Heart attacks happen when your heart’s blood supply is blocked or interrupted by a build-up of fatty substances in the coronary arteries. A symptom of this process – known as heart disease – may be found on your tongue, according to research, published by the European Society of Cardiology. The study suggests that if your tongue is red with a yellow coating you could be at greater risk of heart disease.
The key finding is that microorganisms present on the tongue could help diagnose heart failure, the study researchers said.
Heart failure – where the heart is unable to pump blood around the body properly – is one of the main symptoms of heart disease, along with heart attacks.
The study was conducted by Dr Tianhui Yuan from the Hospital of Guangzhou University of Chinese Medicine.
She claimed that patients with chronic heart failure have “totally different” tongues to those who do not have the condition.
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Of those who enrolled in the study, 42 patients had chronic heart failure while 28 were healthy.
None of the patients who took part had oral or dental issues.
The researchers also pointed out that none of the participants had used antibiotics or immunosuppressants in the past week, neither were they pregnant or lactating.
To take samples from the tongue coatings each morning, stainless steel spoons were used.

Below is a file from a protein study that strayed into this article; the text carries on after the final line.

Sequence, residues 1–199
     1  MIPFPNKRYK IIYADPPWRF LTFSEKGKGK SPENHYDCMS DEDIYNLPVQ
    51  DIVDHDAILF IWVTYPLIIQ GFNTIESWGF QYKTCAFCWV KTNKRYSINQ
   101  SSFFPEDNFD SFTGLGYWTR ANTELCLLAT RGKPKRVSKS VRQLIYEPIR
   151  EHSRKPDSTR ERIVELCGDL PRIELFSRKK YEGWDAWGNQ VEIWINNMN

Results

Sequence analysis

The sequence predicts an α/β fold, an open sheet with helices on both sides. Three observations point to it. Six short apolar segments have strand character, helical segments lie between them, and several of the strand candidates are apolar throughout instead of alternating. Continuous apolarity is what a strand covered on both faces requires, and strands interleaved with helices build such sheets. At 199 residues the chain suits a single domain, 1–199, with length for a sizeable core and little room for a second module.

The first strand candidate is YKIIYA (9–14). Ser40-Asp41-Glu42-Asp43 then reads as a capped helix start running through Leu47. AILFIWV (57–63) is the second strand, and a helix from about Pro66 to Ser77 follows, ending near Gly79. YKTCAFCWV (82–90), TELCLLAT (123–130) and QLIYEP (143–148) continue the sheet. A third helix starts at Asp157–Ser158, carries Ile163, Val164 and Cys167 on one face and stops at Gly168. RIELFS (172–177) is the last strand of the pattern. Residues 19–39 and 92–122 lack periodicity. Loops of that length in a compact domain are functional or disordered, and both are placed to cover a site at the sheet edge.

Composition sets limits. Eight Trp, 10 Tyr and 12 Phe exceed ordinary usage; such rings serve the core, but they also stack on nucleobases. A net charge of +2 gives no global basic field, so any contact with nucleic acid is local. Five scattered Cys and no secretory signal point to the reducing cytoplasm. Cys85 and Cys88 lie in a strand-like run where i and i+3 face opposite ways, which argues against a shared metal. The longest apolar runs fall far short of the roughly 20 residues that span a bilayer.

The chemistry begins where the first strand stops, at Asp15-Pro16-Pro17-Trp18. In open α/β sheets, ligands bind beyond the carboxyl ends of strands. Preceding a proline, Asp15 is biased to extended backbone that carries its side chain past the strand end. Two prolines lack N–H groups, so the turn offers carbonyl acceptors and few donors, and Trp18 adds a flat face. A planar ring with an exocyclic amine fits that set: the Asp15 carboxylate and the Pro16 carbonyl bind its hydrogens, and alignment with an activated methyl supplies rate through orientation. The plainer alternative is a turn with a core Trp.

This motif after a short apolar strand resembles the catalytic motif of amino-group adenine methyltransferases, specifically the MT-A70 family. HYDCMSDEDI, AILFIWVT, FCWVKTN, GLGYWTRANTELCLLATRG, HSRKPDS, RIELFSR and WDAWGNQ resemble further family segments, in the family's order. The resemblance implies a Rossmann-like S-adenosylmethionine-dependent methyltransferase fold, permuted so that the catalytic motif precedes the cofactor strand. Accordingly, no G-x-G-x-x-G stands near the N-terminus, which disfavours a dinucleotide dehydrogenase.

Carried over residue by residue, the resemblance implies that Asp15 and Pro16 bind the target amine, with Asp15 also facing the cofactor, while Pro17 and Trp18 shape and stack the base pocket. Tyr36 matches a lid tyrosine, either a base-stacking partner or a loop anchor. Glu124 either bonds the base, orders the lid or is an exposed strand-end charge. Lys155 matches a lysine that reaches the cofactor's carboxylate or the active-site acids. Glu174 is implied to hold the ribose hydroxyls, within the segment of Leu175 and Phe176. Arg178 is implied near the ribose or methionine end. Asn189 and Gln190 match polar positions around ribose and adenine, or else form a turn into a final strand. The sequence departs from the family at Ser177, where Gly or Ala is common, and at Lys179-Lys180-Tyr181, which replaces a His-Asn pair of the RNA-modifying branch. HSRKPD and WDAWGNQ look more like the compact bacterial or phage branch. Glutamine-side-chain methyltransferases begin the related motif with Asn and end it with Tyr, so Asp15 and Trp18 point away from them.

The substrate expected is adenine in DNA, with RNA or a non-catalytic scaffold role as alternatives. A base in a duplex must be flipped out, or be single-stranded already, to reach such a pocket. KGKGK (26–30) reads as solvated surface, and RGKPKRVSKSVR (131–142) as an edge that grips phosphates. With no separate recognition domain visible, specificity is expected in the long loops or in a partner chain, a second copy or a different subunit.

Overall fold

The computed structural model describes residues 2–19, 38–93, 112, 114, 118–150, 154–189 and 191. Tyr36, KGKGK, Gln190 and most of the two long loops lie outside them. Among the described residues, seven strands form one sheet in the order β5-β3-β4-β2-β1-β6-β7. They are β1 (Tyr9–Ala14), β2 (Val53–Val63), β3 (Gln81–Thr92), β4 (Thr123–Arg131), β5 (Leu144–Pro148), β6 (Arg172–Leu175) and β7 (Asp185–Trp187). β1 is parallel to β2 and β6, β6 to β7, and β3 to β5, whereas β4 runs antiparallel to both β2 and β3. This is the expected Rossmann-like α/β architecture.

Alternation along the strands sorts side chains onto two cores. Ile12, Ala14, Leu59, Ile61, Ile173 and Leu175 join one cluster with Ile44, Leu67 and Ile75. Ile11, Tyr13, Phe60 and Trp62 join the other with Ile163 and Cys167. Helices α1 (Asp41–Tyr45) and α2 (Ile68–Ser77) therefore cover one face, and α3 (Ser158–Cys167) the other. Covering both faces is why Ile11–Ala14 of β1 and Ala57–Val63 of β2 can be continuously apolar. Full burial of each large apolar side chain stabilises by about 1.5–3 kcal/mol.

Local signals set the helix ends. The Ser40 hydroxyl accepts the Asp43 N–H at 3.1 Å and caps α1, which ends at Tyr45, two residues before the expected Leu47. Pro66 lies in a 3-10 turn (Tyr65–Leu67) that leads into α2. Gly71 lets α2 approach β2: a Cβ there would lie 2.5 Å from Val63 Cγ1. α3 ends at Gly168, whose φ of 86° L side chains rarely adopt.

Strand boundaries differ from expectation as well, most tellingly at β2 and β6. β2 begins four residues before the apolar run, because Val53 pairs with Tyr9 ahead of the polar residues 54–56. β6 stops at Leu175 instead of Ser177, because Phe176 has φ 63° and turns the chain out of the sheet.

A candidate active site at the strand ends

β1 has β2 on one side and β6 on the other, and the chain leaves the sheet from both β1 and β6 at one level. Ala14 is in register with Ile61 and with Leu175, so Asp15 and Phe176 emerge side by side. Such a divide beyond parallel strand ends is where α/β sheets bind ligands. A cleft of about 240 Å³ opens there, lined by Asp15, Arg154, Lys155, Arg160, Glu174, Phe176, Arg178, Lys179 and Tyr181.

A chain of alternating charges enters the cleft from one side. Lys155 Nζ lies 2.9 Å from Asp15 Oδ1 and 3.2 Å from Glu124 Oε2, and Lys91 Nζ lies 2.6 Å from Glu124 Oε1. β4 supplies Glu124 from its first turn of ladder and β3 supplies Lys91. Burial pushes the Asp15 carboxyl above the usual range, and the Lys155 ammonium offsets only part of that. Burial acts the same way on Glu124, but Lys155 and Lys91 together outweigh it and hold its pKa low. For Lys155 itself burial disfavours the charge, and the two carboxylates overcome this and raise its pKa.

These were taken before participants brushed their teeth or had eaten breakfast.
The researchers then identified bacteria from the samples provided.
They found that patients with heart failure shared the same microorganisms in their tongue coating, which subsequently made their tongues a darker shade.
Dr Yuan added: “More research is needed, but our results suggest that tongue microbes, which are easy to obtain, could assist with wide-scale screening, diagnosis, and long-term monitoring of heart failure.
“The underlying mechanisms connecting microorganisms in the tongue coating with heart function deserve further study.”
What are the main symptoms of a heart attack?
Symptoms of a heart attack can include:
- Chest pain – a sensation of pressure, tightness or squeezing in the centre of your chest
- Pain in other parts of the body – it can feel as if the pain is travelling from your chest to your arms (usually the left arm is affected, but it can affect both arms), jaw, neck, back and tummy (abdomen)
- Feeling lightheaded or dizzy
- Shortness of breath
- Feeling sick (nausea) or being sick (vomiting)
- An overwhelming sense of anxiety (similar to having a panic attack)
- Coughing or wheezing.
“Although the chest pain is often severe, some people may only experience minor pain, similar to indigestion,” explains the NHS.
It adds: “In some cases, there may not be any chest pain at all, especially in women, older people, and people who have diabetes.”